E-readers are an excellent choice if you’re looking for a way to reduce CO2 emissions. The average e-reader consumes 33 pounds of minerals (including conflict minerals) and 79 gallons of water. They also produce a large amount of waste, which is then disposed of in landfills. By comparison, producing a paper book requires two-thirds of a pound of minerals and the harvesting of 100 million trees. That’s a huge carbon footprint, and the U.S. book and newspaper industry creates a tremendous amount of waste and has a huge carbon footprint.
Fortunately, e-readers are not the only devices with environmental benefits. The electronics industry is struggling to deal with an increasing amount of waste. Many people aren’t even aware of how to dispose of their waste. In addition, many parts of electronic devices are not recyclable, causing pollution and exposing workers to toxic chemicals. Reselling used electronic devices can reduce emissions, while also extending the life of the device. Additionally, reselling used e-readers can reduce your carbon footprint, which helps offset the carbon emissions from manufacturing them.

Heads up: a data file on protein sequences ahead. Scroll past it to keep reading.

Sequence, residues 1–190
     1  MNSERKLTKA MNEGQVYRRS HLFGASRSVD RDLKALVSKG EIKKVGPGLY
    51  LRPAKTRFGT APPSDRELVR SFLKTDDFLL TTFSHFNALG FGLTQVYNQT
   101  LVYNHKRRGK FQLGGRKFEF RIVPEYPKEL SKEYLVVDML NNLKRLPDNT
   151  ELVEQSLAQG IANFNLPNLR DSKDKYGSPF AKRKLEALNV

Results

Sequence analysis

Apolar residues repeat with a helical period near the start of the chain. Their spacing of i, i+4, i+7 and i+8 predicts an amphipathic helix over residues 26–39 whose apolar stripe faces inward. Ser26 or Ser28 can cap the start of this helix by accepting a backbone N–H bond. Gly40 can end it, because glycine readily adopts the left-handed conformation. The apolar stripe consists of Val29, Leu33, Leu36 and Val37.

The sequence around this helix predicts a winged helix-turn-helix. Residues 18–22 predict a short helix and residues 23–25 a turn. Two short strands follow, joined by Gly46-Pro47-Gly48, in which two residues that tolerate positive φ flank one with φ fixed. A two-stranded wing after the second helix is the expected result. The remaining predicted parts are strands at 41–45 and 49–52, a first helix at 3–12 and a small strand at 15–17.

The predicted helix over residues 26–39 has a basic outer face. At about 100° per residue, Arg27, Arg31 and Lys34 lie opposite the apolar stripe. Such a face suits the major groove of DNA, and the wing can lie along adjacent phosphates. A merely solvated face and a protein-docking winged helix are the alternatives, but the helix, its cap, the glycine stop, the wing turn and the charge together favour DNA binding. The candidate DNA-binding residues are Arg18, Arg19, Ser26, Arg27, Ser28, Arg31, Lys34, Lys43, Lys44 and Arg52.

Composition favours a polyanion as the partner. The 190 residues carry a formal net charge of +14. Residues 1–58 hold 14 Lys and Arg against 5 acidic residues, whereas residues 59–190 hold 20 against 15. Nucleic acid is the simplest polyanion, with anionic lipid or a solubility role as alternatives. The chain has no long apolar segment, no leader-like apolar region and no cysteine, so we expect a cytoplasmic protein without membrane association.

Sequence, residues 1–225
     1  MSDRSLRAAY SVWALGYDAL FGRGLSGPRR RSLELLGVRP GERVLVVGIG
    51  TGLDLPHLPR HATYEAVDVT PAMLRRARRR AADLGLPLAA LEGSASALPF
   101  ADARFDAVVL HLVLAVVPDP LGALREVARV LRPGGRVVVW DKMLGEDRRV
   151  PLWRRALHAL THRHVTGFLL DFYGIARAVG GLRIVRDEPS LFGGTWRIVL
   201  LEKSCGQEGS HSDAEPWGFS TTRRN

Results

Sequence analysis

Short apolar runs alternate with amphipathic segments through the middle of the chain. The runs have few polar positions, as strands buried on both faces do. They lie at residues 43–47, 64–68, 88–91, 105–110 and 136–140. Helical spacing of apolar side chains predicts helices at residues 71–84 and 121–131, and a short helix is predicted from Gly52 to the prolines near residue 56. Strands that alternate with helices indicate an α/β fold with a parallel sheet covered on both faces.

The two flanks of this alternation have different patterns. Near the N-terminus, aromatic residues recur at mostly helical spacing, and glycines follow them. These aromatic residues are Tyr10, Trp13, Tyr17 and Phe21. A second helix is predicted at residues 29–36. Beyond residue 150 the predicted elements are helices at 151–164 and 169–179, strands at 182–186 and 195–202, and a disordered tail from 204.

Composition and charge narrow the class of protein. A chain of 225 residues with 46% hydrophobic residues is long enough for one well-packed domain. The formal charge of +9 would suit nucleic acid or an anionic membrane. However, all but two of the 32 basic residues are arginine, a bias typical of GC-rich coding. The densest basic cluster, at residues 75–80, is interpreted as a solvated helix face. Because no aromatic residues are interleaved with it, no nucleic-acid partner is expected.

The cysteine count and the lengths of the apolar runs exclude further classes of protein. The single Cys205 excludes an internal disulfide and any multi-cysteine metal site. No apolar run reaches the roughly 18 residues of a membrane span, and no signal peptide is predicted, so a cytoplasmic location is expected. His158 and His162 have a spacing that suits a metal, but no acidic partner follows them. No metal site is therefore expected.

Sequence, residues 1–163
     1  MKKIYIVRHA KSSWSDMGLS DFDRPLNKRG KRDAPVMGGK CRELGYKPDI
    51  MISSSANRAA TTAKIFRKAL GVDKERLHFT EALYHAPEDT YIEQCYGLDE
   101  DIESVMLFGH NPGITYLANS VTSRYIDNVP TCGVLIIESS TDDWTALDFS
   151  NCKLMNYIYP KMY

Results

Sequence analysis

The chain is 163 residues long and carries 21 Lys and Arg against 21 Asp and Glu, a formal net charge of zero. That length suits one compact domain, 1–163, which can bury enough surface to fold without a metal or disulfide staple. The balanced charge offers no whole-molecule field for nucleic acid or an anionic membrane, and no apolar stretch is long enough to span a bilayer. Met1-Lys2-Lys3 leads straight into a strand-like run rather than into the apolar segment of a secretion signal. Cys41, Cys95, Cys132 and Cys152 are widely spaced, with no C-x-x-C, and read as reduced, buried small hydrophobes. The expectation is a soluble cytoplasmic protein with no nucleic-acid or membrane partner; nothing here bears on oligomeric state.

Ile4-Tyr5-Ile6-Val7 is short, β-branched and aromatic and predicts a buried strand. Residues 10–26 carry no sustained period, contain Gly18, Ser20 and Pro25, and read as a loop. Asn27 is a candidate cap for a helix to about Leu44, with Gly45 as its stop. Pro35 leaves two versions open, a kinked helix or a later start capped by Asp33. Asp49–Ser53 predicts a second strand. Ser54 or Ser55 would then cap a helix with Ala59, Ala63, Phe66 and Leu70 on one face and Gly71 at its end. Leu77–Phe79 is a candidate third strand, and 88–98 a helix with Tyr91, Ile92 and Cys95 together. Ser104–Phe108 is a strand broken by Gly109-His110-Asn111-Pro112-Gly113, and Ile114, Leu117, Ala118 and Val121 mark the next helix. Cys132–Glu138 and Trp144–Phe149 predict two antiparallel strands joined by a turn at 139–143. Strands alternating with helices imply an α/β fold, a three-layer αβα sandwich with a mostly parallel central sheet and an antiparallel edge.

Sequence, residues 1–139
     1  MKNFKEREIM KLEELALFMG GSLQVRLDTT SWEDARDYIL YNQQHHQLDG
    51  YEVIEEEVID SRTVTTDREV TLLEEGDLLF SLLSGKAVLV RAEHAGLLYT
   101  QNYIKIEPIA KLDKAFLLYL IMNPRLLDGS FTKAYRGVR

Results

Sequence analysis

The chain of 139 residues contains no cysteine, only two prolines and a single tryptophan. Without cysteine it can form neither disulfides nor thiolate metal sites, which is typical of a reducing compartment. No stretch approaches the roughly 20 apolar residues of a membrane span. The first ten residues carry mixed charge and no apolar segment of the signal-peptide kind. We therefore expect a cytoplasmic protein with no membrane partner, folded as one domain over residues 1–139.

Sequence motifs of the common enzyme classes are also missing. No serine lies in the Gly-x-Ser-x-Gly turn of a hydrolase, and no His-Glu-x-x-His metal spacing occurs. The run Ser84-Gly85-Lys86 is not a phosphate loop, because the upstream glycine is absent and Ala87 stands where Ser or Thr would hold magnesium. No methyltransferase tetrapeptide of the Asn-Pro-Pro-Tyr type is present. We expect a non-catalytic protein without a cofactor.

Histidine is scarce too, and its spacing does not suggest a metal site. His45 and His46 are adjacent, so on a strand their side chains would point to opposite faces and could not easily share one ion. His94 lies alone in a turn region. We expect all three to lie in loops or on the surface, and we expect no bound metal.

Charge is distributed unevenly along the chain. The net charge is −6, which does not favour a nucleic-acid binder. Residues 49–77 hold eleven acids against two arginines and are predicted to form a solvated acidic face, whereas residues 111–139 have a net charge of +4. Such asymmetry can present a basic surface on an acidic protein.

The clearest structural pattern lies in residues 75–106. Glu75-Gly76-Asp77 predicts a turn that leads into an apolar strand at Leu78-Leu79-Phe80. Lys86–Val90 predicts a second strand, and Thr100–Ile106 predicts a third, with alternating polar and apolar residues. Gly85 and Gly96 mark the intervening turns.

Libraries are underutilized
As libraries face increased competition from digital content, they are under pressure to evolve their services and meet new demand for content. At the same time, they must continue to support the traditional patterns of scholarly inquiry. Although digital media have changed the way people use information, print remains the dominant format for some materials, especially those in the humanities and arts. In addition, many faculty members continue to use print books for long-form reading and many activities. While younger faculty are more likely to use e-books, many believe that libraries will need to maintain hard copies for some time to come.